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18 of 19 people found the following review helpful
on 19 December 2002
In my opinion, this is Shena MacKay's best novel. In Coronation Year, Betty and Percy Harlency, with their small daughter, April, move from London to a small village in Kent called Stonebridge, to take over The Copper Kettle Tearoom. The Copper Kettle is a charming, but not financially prosperous, establishment.
When April meets the tomboyish, fiery, ginger-haired Ruby, their friendship is instantly sealed. The girls are staunch allies who conspire together in every way possible. Their secret signal is the "lone cry of the peewit;" their hideaway is a railway carriage where they are continually up to mischief. When the two girls finally manage to pry open the door of the carriage they stand and gaze "in the smell of trapped time."
It is this smell of trapped time, this nostalgia for the emotions of the past, that The Orchard on Fire conjures so expertly. MacKay is reminiscent of Proust in this extraordinarily evocative novel and we feel intimately connected to April and to her emotional life. MacKay, usually a brilliant writer, excels in The Orchard on Fire and we can hear the buzz of the insects and the bluebottles, smell the overgrown weeds and the lush summer grass and picture the family's new home at The Copper Kettle.
The small English village where April lives is a bit unconventional as are April's parents; the duo are unlikely political radicals and MacKay manages to introduce a Bohemian element into the story in the gentle, pretentious artist characters of Bobs Rix and Dittany Codrington, who is "like the Willow Fairy in Fairies of the Trees by Cicely Mary Barker."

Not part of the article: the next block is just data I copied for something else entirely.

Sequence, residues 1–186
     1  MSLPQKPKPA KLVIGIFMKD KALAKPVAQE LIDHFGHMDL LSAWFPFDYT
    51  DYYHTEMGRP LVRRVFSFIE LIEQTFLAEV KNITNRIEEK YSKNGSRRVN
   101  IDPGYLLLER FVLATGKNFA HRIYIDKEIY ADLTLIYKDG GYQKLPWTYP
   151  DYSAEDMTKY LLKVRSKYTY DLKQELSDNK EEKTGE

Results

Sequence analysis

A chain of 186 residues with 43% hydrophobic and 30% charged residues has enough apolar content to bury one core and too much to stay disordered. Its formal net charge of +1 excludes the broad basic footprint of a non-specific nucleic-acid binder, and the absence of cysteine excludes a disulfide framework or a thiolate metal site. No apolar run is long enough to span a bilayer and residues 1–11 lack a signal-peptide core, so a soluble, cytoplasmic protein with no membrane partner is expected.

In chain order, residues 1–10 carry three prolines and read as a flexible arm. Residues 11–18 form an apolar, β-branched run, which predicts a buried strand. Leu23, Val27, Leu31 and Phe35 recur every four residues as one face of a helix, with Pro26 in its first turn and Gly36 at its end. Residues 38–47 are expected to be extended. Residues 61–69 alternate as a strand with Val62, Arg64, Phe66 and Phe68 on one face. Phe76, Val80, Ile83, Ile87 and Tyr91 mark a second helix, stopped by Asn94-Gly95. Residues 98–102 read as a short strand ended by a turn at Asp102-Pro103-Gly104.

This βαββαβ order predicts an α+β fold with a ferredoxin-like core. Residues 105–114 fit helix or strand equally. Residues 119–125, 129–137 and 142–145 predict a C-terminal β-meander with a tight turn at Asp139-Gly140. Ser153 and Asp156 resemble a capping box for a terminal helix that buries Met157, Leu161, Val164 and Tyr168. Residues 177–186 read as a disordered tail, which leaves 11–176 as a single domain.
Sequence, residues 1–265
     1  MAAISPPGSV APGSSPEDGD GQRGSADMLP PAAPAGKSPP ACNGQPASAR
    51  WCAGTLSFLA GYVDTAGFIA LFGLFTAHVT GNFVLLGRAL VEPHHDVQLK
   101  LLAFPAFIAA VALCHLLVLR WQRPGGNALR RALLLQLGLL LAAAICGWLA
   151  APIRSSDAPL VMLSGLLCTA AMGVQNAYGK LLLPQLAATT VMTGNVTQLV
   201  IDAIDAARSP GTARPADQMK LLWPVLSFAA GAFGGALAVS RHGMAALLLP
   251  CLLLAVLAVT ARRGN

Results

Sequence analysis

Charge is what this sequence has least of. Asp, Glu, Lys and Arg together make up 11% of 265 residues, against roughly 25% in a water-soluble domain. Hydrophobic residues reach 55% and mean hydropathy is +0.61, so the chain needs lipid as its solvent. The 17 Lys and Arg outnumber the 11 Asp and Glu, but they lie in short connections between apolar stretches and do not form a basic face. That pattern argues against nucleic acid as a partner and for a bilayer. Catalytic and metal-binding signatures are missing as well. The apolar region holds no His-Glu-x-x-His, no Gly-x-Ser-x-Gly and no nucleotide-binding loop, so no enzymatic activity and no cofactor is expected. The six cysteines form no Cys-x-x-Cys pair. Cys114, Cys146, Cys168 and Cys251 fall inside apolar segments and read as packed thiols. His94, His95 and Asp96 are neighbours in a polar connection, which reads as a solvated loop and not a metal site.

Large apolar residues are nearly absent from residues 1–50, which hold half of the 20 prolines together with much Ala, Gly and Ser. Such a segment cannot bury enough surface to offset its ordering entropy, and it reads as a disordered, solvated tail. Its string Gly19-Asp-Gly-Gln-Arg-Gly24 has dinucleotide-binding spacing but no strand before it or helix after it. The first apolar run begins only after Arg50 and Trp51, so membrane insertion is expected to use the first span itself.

One of the best sections of this wonderfully-written book comes when The Copper Kettle is chosen to host a weekend party for Bobs and Dittany and their artist friends. For a time, Stonebridge is awash in fairy lights and the pink glow of nostalgia.
Although some may dismiss The Orchard on Fire as overly-sentimental, it is nothing but. Child abuse plays a part is this masterfully-written story as does sexual perversion, bringing to mind scenes of Pip in Great Expectations. We become deeply immersed in April's world, and in her fears and expectations, most particularly her horror at losing a cherished Christmas present.